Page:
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Ecological generalism drives hyperdiversity of secondary metabolite gene clusters in xylarialean endophytes
New Phytologist, Volume: 233, Issue: 3, Pages: 1317 - 1330
Swansea University Author: Dan Eastwood
Accepted Manuscript under embargo until: 19th November 2022
Supplemental material under embargo until: 19th November 2022
Although secondary metabolites are typically associated with competitive or pathogenic interactions, the high bioactivity of endophytic fungi in the Xylariales, coupled with their abundance and broad host ranges spanning all lineages of land plants and lichens, suggests that enhanced secondary metab...
|Published in:||New Phytologist|
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Although secondary metabolites are typically associated with competitive or pathogenic interactions, the high bioactivity of endophytic fungi in the Xylariales, coupled with their abundance and broad host ranges spanning all lineages of land plants and lichens, suggests that enhanced secondary metabolism might facilitate symbioses with phylogenetically diverse hosts. Here, we examined secondary metabolite gene clusters (SMGCs) across 96 Xylariales genomes in two clades (Xylariaceae s.l. and Hypoxylaceae), including 88 newly sequenced genomes of endophytes and closely related saprotrophs and pathogens. We paired genomic data with extensive metadata on endophyte hosts and substrates, enabling us to examine genomic factors related to substrate the breadth of symbiotic interactions and ecological roles. All genomes contain hyperabundant SMGCs; however, Xylariaceae have increased numbers of gene duplications, horizontal gene transfers (HGTs) and SMGCs. Enhanced metabolic diversity of endophytes is associated with a greater diversity of hosts and increased capacity for lignocellulose decomposition. Our results suggest that, as host and substrate generalists, Xylariaceae endophytes experience greater selection to diversify SMGCs compared with more ecologically specialised Hypoxylaceae species. Overall, our results provide new evidence that SMGCs may facilitate symbiosis with phylogenetically diverse hosts, highlighting the importance of microbial symbioses to drive fungal metabolic diversity.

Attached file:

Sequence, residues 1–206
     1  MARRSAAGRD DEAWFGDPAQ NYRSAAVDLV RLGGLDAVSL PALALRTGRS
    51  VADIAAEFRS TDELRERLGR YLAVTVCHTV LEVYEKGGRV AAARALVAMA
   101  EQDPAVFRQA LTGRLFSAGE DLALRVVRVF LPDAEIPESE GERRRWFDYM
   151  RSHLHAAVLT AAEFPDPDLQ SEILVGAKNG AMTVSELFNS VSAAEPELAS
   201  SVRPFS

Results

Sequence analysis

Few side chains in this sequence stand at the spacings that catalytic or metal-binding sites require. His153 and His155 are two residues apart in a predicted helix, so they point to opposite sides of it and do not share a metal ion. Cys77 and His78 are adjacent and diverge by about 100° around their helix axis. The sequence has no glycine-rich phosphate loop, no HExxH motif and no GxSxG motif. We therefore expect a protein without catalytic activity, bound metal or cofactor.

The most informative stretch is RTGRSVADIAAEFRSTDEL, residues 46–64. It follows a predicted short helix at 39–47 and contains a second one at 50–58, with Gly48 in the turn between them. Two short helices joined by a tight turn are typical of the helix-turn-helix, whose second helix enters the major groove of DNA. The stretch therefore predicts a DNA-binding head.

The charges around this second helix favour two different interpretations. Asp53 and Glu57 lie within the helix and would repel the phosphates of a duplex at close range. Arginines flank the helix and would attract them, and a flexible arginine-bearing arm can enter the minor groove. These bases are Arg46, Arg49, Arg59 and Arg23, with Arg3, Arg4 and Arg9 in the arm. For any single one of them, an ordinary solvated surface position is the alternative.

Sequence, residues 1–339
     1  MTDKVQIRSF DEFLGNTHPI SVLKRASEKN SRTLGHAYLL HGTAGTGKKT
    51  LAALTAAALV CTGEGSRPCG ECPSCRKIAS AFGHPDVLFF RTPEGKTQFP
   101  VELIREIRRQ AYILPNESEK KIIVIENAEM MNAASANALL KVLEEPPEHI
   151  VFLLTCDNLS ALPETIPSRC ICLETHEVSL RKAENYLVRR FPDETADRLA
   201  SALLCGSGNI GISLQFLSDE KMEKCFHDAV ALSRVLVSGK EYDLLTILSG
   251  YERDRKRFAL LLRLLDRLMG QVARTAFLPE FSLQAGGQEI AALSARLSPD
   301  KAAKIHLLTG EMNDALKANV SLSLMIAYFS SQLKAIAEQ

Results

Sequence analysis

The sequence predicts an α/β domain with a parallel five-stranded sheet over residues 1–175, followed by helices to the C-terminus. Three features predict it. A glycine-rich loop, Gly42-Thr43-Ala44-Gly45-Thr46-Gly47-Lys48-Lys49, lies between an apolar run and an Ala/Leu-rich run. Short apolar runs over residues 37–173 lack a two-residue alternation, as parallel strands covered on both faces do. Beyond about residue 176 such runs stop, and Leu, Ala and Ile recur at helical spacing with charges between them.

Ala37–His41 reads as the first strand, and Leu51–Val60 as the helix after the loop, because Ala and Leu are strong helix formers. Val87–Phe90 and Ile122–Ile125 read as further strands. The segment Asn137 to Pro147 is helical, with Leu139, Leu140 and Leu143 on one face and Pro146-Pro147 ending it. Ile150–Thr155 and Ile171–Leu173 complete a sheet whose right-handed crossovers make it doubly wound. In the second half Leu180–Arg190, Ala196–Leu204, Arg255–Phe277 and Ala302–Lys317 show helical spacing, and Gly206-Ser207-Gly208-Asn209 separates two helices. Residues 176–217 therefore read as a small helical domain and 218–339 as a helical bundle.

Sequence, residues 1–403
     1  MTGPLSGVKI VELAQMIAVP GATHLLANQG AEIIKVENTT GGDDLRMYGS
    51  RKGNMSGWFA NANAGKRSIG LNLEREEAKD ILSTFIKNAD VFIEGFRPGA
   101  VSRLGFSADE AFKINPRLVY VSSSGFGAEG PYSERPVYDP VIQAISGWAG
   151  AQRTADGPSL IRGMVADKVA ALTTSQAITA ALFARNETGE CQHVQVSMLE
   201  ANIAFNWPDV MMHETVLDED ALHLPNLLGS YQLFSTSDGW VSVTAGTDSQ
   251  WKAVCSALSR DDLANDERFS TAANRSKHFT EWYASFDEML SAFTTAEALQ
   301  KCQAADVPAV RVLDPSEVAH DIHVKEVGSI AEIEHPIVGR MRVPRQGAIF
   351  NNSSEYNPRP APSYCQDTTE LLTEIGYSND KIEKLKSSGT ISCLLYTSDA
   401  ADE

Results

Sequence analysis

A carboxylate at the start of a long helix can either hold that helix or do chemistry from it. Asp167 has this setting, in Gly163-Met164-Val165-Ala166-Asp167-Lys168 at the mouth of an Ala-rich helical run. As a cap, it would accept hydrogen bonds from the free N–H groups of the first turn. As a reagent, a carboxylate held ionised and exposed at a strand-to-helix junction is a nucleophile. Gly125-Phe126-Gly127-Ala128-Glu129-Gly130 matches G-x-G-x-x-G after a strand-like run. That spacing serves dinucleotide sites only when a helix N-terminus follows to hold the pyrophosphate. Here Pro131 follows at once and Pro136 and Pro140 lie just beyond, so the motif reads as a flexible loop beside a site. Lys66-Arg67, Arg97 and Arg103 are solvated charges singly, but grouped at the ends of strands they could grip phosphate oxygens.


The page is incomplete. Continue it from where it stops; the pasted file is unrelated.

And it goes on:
Ascomycota; endophyte; plant–fungal interactions; saprotroph; specialised metabolism; symbiosis; trophic mode; Xylariales
College of Science